Friday, July 3, 2009

terminology and why we're here

Okay people. Lets talk about terminology for a second. Because, annoying as it may be, we all use specific words to describe specific things and there's really no way to circumvent that. We could choose to beat on drums to communicate, or use a pattern of dance moves to communicate, or use a group of hand signals to communicate. But in the end, it's all the same thing. Whether we choose dance or beats or hand signs or a set of sounds that come from vocal cords, it all comes down to recognizing a pattern of some agreed upon symbols. Symbols that we, as a community, agree to have certain meanings.

Now, don't get me wrong. I understand how squishy language and communication can be (and more often than not, is). And I know I don't have to tell the DIY relationship community how rarely one word has the same inferred meaning from person to person. But. I want to build a dialogue here for a purpose. And in order to communicate in that dialogue we have to have terminology that has a generally agreed upon and understood meanings.

Part of the reason I'm writing this blog is to do what I can to push DIY relationships into the social and, eventually, legal spotlight. I'm so incredibly proud and excited by what has happened in our culture in the last few years regarding same sex couples. We are seeing amazing social change happening right now. I feel that it's the next inevitable step that multipartner relationships will see the same great strides happen socially and legally. But it's gotta start somewhere. And if our terminology is too squishy then we will just have one more hurdle to jump once multipartner relationships start becoming more focused on by society at large.

So. Let's start with the term that is probably most inclusive and coined by a lovely friend of mine: DIY relationship. What does this mean? I see this as meaning any kind of relationship that chooses to not be governed by the set of societally imposed rules that make up monogamy. Now, this doesn't necessarily connotate having multiple partners or being in an open relationship. There is a lot more wrapped up in the idea of monogamy than just whom one has sex with. Traditional ideas about monogamy also have a lot to say about how monogamous people conduct themselves around friends in both public and private. Lets say, for example, that a person who chooses to be in a two person exclusive relationship has a sleepover once a month with a platonic friend of the gender that that person is attracted to. Lets say they even sleep in the same bed and snuggle. In a society of monogamous relationships such behavior would probably be completely unacceptable, even though there is no sex involved. So choosing to be in a DIY relationship means that the people who are in the relationship sit down and work out the boundaries of their relationships together. Based on their own needs, based on what they are comfortable with, based on what they desire. They write the rules themselves.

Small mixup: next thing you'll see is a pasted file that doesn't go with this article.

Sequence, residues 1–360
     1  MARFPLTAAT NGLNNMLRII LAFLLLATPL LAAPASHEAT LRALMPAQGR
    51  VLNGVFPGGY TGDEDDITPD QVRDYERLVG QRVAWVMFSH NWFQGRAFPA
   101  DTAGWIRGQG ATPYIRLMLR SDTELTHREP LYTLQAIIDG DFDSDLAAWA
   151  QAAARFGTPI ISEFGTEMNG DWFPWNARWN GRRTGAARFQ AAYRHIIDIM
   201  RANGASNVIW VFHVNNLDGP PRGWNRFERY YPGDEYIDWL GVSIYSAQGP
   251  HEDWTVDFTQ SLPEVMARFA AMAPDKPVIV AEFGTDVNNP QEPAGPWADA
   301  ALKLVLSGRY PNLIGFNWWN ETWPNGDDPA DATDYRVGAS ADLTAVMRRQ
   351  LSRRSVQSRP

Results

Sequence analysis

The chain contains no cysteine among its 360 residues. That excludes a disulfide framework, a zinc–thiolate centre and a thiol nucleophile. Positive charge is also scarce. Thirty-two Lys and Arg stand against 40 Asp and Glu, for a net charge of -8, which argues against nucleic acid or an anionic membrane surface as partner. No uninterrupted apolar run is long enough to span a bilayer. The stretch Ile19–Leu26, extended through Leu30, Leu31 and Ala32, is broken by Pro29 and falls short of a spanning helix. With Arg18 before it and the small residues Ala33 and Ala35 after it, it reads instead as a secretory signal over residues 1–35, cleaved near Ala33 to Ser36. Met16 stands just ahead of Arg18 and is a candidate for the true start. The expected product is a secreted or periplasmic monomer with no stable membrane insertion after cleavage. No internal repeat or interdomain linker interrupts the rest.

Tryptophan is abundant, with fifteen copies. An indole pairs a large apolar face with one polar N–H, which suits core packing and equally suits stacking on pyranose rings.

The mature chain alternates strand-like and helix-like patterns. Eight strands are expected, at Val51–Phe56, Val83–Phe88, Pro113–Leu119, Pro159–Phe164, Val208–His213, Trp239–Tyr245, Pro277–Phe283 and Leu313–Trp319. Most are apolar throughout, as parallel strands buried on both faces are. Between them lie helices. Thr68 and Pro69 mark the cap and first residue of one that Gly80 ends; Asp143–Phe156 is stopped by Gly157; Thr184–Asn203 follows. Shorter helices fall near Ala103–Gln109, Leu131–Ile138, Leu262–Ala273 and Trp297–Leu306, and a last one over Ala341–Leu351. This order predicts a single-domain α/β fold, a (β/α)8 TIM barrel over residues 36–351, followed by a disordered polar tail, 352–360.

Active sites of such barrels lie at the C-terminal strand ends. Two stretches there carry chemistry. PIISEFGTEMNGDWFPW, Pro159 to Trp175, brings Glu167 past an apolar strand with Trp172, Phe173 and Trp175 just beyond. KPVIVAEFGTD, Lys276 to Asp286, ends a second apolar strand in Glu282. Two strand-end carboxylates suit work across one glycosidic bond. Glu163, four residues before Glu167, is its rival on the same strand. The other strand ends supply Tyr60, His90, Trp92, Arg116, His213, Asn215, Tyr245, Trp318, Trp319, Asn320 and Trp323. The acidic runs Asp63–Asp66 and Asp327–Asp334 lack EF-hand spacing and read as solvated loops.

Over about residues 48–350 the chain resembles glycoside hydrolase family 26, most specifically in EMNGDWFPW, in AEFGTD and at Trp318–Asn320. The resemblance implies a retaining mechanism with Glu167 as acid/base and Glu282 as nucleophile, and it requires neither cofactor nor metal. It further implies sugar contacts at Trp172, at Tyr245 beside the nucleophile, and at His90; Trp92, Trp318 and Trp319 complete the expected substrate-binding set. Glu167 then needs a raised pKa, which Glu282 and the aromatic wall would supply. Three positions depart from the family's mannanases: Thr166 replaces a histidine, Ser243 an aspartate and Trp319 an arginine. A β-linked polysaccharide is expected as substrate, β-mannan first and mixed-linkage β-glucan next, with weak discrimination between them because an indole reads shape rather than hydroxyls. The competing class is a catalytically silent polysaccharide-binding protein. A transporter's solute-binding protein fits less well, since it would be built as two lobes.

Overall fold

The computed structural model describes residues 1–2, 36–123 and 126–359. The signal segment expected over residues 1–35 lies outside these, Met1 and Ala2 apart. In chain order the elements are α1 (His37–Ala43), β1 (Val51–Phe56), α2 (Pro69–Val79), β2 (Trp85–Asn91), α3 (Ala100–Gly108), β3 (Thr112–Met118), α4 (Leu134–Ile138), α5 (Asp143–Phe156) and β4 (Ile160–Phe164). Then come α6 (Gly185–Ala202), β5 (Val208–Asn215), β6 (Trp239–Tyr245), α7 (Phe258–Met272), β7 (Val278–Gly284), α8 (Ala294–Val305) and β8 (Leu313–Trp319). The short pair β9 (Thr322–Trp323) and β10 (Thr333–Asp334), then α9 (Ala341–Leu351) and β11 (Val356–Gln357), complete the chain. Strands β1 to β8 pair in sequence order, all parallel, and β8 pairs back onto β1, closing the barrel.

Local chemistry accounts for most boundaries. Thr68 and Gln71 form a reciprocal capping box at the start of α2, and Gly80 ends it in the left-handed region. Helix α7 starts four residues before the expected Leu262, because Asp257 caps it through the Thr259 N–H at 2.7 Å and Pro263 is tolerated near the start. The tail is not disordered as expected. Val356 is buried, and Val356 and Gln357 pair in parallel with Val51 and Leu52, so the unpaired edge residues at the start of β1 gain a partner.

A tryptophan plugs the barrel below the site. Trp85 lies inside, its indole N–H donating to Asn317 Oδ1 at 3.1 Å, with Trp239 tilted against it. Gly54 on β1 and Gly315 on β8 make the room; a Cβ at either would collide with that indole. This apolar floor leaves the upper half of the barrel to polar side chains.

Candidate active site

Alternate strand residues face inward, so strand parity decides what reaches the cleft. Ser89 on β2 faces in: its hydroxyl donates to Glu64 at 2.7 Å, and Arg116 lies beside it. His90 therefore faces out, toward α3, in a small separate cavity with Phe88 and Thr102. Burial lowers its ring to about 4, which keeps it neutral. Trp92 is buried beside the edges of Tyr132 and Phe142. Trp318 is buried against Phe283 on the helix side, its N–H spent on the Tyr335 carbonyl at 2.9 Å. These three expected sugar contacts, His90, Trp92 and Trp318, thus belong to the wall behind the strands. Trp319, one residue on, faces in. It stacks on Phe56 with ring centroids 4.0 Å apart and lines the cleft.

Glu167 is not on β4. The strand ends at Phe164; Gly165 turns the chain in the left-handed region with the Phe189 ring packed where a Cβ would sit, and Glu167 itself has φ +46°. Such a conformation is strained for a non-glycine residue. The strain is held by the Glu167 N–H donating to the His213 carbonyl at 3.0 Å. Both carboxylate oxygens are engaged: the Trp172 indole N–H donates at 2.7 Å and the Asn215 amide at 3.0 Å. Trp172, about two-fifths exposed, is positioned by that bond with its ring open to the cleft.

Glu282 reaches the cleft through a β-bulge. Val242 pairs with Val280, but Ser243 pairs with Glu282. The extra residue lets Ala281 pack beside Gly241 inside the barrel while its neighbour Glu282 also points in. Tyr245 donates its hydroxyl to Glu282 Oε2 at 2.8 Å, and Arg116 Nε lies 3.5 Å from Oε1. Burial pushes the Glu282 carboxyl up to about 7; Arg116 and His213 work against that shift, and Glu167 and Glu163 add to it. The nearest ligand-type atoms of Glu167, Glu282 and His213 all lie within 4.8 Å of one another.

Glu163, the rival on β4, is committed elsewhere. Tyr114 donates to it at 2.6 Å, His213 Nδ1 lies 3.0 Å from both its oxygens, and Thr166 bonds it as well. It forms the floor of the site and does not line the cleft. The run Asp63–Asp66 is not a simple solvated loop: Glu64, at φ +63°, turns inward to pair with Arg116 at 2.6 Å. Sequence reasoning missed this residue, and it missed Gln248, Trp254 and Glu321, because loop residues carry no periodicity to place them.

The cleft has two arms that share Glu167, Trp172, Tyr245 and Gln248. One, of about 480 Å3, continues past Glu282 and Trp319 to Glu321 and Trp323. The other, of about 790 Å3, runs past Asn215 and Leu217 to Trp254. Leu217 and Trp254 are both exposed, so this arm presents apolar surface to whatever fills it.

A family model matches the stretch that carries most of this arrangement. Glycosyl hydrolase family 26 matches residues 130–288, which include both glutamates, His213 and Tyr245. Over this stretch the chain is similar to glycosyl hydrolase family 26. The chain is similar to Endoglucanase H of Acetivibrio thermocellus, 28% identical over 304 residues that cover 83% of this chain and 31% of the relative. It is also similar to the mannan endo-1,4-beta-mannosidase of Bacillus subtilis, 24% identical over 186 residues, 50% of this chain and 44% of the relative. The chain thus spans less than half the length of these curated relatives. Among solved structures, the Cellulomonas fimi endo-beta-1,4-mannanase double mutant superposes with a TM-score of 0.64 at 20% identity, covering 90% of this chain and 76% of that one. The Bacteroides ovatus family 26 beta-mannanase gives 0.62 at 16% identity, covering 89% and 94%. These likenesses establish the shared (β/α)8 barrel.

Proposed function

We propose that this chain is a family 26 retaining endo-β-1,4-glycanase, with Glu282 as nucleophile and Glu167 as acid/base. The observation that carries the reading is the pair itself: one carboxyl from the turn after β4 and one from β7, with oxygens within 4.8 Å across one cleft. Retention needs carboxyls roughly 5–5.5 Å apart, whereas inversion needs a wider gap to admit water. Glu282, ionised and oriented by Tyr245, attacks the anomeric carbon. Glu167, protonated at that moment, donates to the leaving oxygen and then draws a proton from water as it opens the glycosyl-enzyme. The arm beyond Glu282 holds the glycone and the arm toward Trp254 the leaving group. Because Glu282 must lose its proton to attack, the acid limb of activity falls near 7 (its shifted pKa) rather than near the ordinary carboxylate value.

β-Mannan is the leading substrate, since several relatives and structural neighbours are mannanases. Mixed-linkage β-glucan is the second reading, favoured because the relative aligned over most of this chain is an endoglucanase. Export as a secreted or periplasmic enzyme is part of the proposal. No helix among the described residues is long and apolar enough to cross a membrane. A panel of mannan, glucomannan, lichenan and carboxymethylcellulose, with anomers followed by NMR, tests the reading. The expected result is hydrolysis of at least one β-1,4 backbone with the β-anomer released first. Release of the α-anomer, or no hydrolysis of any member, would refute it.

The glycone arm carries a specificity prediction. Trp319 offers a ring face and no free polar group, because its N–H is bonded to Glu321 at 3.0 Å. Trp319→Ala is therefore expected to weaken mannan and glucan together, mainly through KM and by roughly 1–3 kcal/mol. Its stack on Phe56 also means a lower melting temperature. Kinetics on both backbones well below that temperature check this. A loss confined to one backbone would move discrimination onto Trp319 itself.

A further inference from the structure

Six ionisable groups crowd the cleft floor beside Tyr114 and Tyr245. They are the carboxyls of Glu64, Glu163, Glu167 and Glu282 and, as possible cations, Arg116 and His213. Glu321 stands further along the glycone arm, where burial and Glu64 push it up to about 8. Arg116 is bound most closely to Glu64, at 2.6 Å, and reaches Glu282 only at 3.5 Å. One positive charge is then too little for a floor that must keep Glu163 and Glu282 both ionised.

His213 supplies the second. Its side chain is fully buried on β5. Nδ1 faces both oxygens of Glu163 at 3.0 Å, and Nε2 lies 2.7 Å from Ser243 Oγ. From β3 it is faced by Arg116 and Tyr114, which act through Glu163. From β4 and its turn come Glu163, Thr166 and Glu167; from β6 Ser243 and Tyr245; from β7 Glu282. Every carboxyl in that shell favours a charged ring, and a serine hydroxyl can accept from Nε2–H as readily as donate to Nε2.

The term DIY relationship can apply to any configuration of people, regardless of gender, sex, or number of people. It can include the two person exclusive couple, an exclusive triad, an open four person relationship, a poly pod household of twelve, whatever. It doesn't matter. It's all about the way that the relationship is created and maintained. It's about thinking for yourself instead of following a dogma imposed from outside.

So. That's my two cents. Anyone wanna expand?

1 comment:

  1. I think this is spot on. This defining of terms will likely be the biggest challenge that the poly community will have to deal with.

    Just as there is much diversity within the GLBT community and discussion about what it means to be gay or lesbian, there seems to be exponetialy as much in the poly community. Because, as you stated, there are so many diffrent possible configurations. Open as a relationship label can be kind of vague and a bit misleading.

    But you have to start somewhere. Which means that


make it up as you go along: